[DMs who insist on burdening players with a bunch of extraneous setting detail run the risk of simply BORING their players. D&D is a game of active participation, not a book club]
SO...If I am the Dungeon Master that's running the campaign set in Karameikos, the damn setting better make sense TO ME. If it doesn't, I'm not going to be able to make the best use of it with regard to my players, no matter how cool some people might find a peaceful, advanced tribe of dog-people living in a hidden valley. Sorry.
Having got that all out of the way (and after, once again, deluging readers with a wall of text), let's get some possible ideas for spinning the indigenous folks of Karameikos in a way that doesn't suck too bad (from my perspective):
Option #1: No indigenous humans. This is the easiest, and most "B/X" option. Adventurers seeking to build strongholds or castles are required to clear the area of all monsters and monster lairs before building. As a monster is defined as "any creature or character not controlled by a player," I don't think it's unfair to consider the duchy to have been "cleared" of any pre-existing communities and societies. One might still find hermits, "mountain men" (and "women") or the occasional brave settler family living in the wilds, but most of these (if not all) should be recent arrivals to the region. Any ancient ruins or whatnot found should be from mysterious, long-since-vanished (or exterminated) peoples...and not necessarily human ones.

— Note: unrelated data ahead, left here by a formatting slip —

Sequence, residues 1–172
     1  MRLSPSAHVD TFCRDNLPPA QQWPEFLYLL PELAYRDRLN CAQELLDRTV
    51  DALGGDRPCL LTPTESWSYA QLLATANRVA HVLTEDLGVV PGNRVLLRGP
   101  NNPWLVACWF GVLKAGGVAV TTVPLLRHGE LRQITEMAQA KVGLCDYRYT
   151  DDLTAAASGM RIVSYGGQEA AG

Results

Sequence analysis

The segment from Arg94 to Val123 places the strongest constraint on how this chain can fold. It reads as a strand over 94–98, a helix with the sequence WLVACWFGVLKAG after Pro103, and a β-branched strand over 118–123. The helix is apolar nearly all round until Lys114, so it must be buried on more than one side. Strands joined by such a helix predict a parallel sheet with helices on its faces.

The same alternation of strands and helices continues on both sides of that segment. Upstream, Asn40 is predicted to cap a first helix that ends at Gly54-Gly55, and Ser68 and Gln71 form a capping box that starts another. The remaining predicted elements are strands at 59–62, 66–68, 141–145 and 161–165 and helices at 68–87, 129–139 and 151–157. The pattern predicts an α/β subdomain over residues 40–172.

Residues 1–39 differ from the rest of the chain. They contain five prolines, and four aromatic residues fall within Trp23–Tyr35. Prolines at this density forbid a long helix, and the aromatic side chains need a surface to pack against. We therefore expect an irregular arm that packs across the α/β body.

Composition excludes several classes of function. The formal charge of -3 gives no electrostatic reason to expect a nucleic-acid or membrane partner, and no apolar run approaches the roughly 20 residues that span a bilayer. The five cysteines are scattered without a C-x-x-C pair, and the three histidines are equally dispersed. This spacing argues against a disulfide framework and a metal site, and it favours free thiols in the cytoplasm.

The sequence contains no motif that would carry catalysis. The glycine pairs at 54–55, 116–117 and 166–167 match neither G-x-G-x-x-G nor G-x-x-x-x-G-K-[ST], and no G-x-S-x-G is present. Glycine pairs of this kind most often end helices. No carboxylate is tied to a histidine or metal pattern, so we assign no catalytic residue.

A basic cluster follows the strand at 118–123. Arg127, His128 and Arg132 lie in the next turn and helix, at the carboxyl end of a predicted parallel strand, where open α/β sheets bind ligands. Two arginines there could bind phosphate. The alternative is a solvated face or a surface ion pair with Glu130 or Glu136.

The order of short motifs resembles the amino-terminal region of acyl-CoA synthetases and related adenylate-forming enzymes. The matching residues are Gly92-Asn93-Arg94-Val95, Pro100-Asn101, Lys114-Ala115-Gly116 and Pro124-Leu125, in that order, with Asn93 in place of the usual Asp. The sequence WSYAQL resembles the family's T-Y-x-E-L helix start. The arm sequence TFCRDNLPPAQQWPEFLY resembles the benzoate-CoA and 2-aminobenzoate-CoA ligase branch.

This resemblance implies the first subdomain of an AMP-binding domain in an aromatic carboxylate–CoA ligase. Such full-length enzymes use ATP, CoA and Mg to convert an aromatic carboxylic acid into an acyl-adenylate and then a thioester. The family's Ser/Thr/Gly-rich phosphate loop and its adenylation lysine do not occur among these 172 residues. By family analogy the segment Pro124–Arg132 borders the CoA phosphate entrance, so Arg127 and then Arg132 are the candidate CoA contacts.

|Andals versus First Men|
|"Gath of Baal"|
|Black Eagle Barony?|
Ya. More tomorrow.